Dynamic Pricing of Award Tickets: Can it Bite the Airlines as Well as Benefit Them?
C ould the dynamic pricing of award tickets potentially cause negative consequences for the airlines as well as benefit them?
A recent announcement from Delta Air Lines heralded the era of dynamic pricing pertaining to the redemption of SkyMiles for reward travel…
We know your miles are important, so we want to provide the most notice possible regarding Award price changes. For travel on or after June 1, 2016, the number of miles needed will change based on destination, demand and other considerations. But most Award prices will remain unchanged. To see the best availability and deals, search at least 21 days prior to departure and use our Award Calendar by selecting “flexible days” when searching for a flight.
Miles needed to upgrade will increase, and to provide greater access to these upgrades, we’ve expanded the eligible types of fares.
Can you even, in your wildest dreams, think about spending over 1/2 MILLION SkyMiles for a one-way ticket? What about 1 MILLION+ miles for a round trip? This is what not having award charts and Delta SkyMiles2015 has given us. There literally is no limit on just what an award ticket will cost you on any given day when you go to spend your SkyMiles.
He may very well be right. Without an award chart to which one can refer, it will be increasingly difficult to judge exactly what is a good benchmark of the redemption of SkyMiles for award travel — especially as members of the SkyMiles frequent flier loyalty program are eventually weaned off of the mentality pertaining to fixed award charts after being conditioned to them for decades.
Moreover, a current sale from Delta Air Lines prices the redemption for select awards to be as low as 5,000 SkyMiles for travel one way. This sale is still active through Thursday, August 6, 2015.
With such a wide variation of the pricing of award travel with the redemption of SkyMiles — and no definitive reference to which to refer — what happens when there is a mistake fare on award travel?
Suppose you are searching for award travel between New York and Paris; and you found an award which costs only 15,000 SkyMiles each way for economy class travel. You book that award, thinking that it is a great deal and that there must be a sale.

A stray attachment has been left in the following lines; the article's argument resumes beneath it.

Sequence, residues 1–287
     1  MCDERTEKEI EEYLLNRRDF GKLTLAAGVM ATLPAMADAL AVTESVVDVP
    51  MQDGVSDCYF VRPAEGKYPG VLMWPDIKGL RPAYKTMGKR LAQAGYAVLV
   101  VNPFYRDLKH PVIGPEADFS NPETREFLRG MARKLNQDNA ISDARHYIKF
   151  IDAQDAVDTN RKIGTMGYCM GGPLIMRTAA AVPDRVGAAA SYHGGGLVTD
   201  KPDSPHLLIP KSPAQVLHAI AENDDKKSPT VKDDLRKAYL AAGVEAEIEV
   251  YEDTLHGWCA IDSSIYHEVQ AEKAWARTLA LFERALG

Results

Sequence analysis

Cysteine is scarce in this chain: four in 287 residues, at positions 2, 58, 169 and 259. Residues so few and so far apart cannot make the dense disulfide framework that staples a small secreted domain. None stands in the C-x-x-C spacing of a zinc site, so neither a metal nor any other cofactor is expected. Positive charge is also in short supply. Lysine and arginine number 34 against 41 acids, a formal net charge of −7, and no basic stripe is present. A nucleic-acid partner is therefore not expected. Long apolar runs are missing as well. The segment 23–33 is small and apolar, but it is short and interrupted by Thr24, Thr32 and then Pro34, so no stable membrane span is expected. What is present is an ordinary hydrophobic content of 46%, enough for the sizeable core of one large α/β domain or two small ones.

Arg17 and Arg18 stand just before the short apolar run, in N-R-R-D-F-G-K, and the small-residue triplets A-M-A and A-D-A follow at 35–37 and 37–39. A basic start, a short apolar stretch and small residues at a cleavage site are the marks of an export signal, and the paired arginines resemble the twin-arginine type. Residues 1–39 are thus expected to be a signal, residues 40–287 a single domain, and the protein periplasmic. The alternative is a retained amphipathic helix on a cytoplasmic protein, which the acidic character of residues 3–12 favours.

What would you do if a representative from Delta Air Lines claims to you that it is an error and will not honor it?
Airlines long been engaged in dynamic pricing to the point where jokes regarding their absurdity have become classics — such as the one which is approximately 20 years old and pertains to what if airlines sold paint, as one of many examples…
…and airlines have not abated on keeping the consumer puzzled as to what airfare is valid and when. While there may be some obvious examples, how can consumers tell the difference between incorrect pricing and mistake fares — and differentiate those from airfares which were correctly published?
Now that the dynamic pricing model has officially been extended to pervade award travel as well — as Delta Air Lines no longer has award charts available to members of its SkyMiles frequent flier loyalty program — customers are left to “roll the dice” and take a chance as to how many SkyMiles need to be redeemed for a certain award; and again with myriad factors to determine the final price.
With dynamic pricing comes uncertainty by the consumer; and with that uncertainty comes the questioning of the validity of an airfare. Is it really fair for a consumer to be burdened with proving that an airfare is indeed a sale upon which they unknowingly stumbled; or that the airfare is an actual mistake? I do not think so, because if an airline cannot ensure that the quality of information it distributes is as accurate as possible, why should the consumer bear the inconvenience or responsibility of the mistake?
Although airlines have been given more breathing room by an official statement issued from the Department of Justice of the United States pertaining to reneging on mistake airfares, where is the threshold as to what constitutes a mistake fare? Equally important is this question: does any protection to the airline pertaining to mistake fares also apply to mistakes in the redemption of frequent flier loyalty program miles? If so, is this an example of airlines “having their cake and eating it, too”?
What are your thoughts?